Cappuccino, espresso and creativity
Ad firm’s founders start coffee shop next door in hope of cross-fertilization
The co-founders of Baltimore advertising firm Planit look at most things in terms of order and chaos.
“Everything in life has a little bit of both,” said Matt Doud, Planit’s president.
When he and co-founder Ed Callahan decided to open a coffee shop next to their Federal Hill agency, the partners looked for inspiration from their own operations at the 22-year-old firm. The partners, friends since third grade, refer to the accounts management side as “order” and the creative team of designers, writers and web developers as “chaos.” Thus, a name was born.
They will formally open Order & Chaos Coffee on Monday on Key Highway in the historically renovated King Syrup building where Planit moved in May. The shop has an industrial look with wood and metal accents, an eye-popping ceiling mural and two glass walls beyond which some of Planit’s 100 employees on the accounts team can be seen tapping away on laptops and smartphones. Matt Doud, left, president of advertising and marketing firm Planit, and Ed Callahan, creative strategist, in their new coffee shop, Order & Chaos, with the agency’s office behind them.
The shop, which employs 10 and is supplied by Pfefferkorn Coffee in Locust Point, is open to the public from 6:30 a.m. to 4 p.m. Monday through Friday and from 7:30 a.m. to 3 p.m. on weekends. It has a hidden door off a seating area leading to the agency, whose workers get free coffee as a perk. Doud said he envisions opening more Order & Chaos Coffee shops eventually.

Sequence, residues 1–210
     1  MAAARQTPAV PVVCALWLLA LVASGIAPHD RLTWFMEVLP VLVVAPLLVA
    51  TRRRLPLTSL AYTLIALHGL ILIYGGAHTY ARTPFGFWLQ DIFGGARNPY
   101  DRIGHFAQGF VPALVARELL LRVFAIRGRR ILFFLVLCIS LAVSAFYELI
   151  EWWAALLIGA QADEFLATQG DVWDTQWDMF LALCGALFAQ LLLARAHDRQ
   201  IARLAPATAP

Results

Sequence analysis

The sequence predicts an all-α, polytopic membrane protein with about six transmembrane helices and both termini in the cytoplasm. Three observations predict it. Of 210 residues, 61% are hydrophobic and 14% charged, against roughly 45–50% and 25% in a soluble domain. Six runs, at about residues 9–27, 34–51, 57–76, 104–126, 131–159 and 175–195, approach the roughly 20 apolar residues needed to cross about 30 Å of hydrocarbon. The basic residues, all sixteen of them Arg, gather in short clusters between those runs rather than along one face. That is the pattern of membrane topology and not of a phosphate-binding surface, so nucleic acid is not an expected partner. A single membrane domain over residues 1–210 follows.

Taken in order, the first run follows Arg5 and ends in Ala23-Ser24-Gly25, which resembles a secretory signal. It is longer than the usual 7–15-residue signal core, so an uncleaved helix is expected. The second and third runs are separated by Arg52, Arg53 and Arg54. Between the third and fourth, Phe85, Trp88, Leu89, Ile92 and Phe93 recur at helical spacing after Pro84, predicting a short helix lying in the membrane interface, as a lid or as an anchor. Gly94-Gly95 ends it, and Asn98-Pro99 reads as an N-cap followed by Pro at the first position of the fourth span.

Planit and the coffee shop operate as separate businesses. But the owners expect them to feed off each other.
“Planit can use the coffee shop and the shop can use Planit,” Doud said.
When the agency was planning to relocate from the Inner Harbor to the renovated Federal Hill site, the landlord wanted a coffee shop tenant as well, said Callahan, the firm’s creative strategist. The owners decided to take it on themselves.
It seemed a natural fit for a business that trades in ideas that influence consumers. It’s as much a way to fuel the caffeine habits of employees as to connect with neighborhood residents, workers and business owners seeking a setting with a creative vibe, Doud said. White boards similar to those used by Planit employees line one wall of the shop’s seating area.
“Coffee shops are creativity generators, [where] people think, collaborate, and communities form,” Doud said.
The new venture offers some advantages for Planit as well, Doud said. The thinking was to “use this as a window into consumers and get their opinions.”
Already customers who come in for espresso, teas or light fare are asked for consumer input. Images of packaging for three brands of facial wipes beckon from one of the glass walls, and customers can pick a favorite and text Planit with their vote.
The survey might be informal, Doud said, but it’s part of today’s marketing, one of the multiple channels brands must increasingly use to reach consumers.